The public education deform agenda, with its drive to increase high-stakes testing and expand charter schools, is further assisted by private school deform groups like the Bill and Melinda Gates Foundation and the Broad Foundation, both of them champions of pro-free market initiatives in education and union busting.

Byrd-Bennett's specific function was to see through aspects of policies--like privatization of the public schools--that were engineered, approved and advanced by all these individuals and institutions. And now, her last service to those higher-ups will be to take a fall for a broader system intent on destroying public supports that all working class people depend on.

Her successor, Forrest Claypool, Mayor Richard M. Daley's former chief of staff, is equally capable of serving as the functionary to carry out the neoliberal agenda in the Chicago Public Schools--having played that same role as head of the Chicago Park District and then Chicago Transit Authority, plus as a member of the Cook County Board.

Now Claypool has been named chief of the third-largest school district in the nation. How his previous positions qualify him for his new one is a mystery unless you consider his prime ability to be his proven record as an administrator of austerity and total loyalty to the boss who appointed him.

OUR STRUGGLE for fully funded, quality neighborhood schools continues, and neither Barbara Byrd-Bennett's indictment nor Forrest Claypool's appointment change the trajectory of that struggle. To fight austerity, we have to tax the rich, and to improve schools, we need to control the Board of Education.

In February 2015, activists won public opinion on the question of having an elected school board. That was clear from the outcome of an advisory question on the ballot in 38 of Chicago's 50 wards.

The referendum question was put before a large majority of Chicago voters after a painstaking campaign to get signatures in every ward. Largely built through the Chicago Teachers Union, large numbers of volunteers rang doorbells and patently waited at CTA bus stops and train stations around the city to discuss the issue with voters. In the end, 89 percent of all voters in the 38 wards supported a democratically elected representative school board over the current one appointed by the mayor.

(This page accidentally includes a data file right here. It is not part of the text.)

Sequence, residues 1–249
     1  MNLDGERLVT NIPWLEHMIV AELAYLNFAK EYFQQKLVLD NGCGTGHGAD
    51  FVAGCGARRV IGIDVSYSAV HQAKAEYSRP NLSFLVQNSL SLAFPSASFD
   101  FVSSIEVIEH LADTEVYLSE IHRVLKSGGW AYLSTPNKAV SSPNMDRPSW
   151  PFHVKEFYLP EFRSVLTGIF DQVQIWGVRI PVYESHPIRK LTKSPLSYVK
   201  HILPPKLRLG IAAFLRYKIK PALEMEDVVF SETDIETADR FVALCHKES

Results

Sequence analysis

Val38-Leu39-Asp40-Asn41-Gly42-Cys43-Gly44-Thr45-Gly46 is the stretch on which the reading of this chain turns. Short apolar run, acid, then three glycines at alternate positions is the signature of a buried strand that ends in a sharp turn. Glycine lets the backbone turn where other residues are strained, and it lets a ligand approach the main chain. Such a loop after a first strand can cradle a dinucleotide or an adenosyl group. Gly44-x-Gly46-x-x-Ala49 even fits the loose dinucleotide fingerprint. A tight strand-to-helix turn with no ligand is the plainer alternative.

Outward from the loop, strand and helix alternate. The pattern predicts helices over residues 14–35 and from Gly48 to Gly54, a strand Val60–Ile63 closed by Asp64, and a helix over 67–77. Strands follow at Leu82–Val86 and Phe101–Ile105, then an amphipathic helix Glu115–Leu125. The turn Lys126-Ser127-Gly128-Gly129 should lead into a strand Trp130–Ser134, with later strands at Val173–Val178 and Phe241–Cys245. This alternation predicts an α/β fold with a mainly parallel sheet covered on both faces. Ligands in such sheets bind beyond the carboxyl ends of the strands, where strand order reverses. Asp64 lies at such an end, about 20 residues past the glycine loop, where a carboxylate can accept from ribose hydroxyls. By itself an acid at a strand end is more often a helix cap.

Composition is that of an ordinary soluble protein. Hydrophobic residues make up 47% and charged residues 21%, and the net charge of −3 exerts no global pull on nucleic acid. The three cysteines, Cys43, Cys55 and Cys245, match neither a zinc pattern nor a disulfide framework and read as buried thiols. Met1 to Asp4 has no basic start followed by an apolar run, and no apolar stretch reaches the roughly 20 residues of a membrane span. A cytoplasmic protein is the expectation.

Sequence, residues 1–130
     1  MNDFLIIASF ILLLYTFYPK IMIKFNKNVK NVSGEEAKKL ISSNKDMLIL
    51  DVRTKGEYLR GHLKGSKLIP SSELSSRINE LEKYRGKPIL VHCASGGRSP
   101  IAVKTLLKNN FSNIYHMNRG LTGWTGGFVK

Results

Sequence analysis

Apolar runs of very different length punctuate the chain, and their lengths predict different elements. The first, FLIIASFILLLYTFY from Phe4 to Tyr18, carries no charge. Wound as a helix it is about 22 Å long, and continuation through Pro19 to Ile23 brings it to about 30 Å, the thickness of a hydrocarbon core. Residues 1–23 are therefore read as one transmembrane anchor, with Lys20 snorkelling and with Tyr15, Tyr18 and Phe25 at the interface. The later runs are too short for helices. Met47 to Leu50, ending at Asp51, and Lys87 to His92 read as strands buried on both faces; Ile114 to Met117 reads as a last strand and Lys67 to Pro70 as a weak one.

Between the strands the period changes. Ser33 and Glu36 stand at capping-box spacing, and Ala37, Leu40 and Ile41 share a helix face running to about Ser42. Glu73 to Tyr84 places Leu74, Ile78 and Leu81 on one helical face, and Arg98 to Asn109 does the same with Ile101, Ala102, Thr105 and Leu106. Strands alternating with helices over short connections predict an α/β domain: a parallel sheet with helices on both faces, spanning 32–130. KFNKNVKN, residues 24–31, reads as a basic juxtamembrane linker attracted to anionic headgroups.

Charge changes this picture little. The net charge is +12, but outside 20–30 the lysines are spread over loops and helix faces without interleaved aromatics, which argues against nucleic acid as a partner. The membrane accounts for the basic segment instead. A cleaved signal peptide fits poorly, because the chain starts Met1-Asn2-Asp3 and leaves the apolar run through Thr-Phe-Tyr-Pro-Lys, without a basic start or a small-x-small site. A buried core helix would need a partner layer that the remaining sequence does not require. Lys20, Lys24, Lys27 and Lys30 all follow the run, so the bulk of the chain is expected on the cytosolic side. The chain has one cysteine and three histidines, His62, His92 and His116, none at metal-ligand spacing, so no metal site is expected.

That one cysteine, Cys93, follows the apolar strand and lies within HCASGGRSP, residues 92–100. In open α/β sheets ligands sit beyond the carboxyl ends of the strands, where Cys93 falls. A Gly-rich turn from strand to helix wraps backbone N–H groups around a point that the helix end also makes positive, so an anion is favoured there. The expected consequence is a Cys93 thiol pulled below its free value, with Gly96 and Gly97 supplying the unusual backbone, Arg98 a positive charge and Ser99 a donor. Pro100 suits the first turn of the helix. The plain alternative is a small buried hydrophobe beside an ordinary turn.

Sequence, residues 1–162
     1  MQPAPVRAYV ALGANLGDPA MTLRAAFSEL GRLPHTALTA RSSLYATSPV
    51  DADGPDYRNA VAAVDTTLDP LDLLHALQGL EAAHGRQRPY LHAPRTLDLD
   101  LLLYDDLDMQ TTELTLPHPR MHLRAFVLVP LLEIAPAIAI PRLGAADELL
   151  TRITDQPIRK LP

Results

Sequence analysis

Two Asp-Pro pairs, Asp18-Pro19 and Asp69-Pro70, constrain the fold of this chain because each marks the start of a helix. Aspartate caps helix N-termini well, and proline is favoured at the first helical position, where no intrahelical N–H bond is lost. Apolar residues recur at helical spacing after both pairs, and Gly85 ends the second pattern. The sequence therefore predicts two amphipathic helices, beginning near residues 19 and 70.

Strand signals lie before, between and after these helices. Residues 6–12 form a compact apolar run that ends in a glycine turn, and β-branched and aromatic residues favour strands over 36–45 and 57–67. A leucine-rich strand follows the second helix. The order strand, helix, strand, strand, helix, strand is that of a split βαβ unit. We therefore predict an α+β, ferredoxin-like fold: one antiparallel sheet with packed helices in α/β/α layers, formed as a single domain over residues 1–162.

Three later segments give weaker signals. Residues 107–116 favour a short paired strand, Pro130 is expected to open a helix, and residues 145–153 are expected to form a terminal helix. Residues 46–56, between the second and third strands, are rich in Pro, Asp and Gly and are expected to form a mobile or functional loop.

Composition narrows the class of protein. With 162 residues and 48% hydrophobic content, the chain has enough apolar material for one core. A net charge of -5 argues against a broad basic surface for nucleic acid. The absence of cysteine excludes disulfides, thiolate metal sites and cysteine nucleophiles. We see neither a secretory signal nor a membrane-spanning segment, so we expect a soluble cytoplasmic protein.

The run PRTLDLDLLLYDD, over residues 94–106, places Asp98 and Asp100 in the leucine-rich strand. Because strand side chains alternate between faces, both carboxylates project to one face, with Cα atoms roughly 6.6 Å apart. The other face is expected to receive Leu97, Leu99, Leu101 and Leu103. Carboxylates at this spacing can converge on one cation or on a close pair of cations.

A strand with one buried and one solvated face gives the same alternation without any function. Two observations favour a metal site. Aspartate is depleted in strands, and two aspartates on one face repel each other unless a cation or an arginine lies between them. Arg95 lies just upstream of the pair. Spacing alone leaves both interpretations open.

But it has been difficult to get state legislators to move on legislation for an elected school board, in part because this directly confronts one of the most powerful Democrats in the country, Rahm Emanuel--and because it detracts from a more immediate crisis of shortfalls in state pensions, where both Rauner and the Democrats are maneuvering.

The pension crisis Illinois faces today was manufactured by years of non-payment of pension obligations, as well as poorly managed borrowing by the state and city. The resulting mess opens the door for both shrill anti-union sentiment, blaming public-sector pensions as the bloated result of union corruption, and various private-sector schemes, such as a shift to privately managed IRAs, which would be a boon to the bankers, at the expense of workers.

Chicago's municipal pension shortfall is already being thrust back onto working families within CPS. After making its legally required pension contribution in July, CPS approved a budget in August with a massive shortfall, thereby linking the pension payment to the manufactured deficit.

Claypool now claims that without $500 million from the state government, Chicago must lay off 5,000 more teachers as soon as November. Yet CPS never attempted to recover any of the millions it paid for toxic interest swaps that were negotiated by banker David Vitale, a former president of both the Chicago Board of Trade and the Board of Education.

To make matters worse, Rauner and the Democrat-controlled Illinois statehouse allowed the Illinois income tax rate to drop, putting billions of dollars back into the pockets of the richest individuals in the state. The richest 10 percent of state taxpayers got more than half the benefits.

Byrd-Bennett is guilty--even she says so. Yet aside from getting caught with her hand in the cookie jar, she did exactly what she was hired to do as a functionary of bankers and neoliberal ed-deform crowd. Given the callousness with which she enriched herself, she certainly deserves no sympathy.

But her crimes are far outweighed by the sweetheart privatization deals, tax breaks and tax holidays, toxic loans and other rip-offs that benefit the wealthy elite who have been legally looting our schools. Stealing books, computers, teachers and entire schools from working class children, overwhelmingly Black and Brown, is business as usual for the Chicago Board of Education and its wealthy backers.

Our cry should be: "Jail them all, take their assets and fund the schools our children deserve."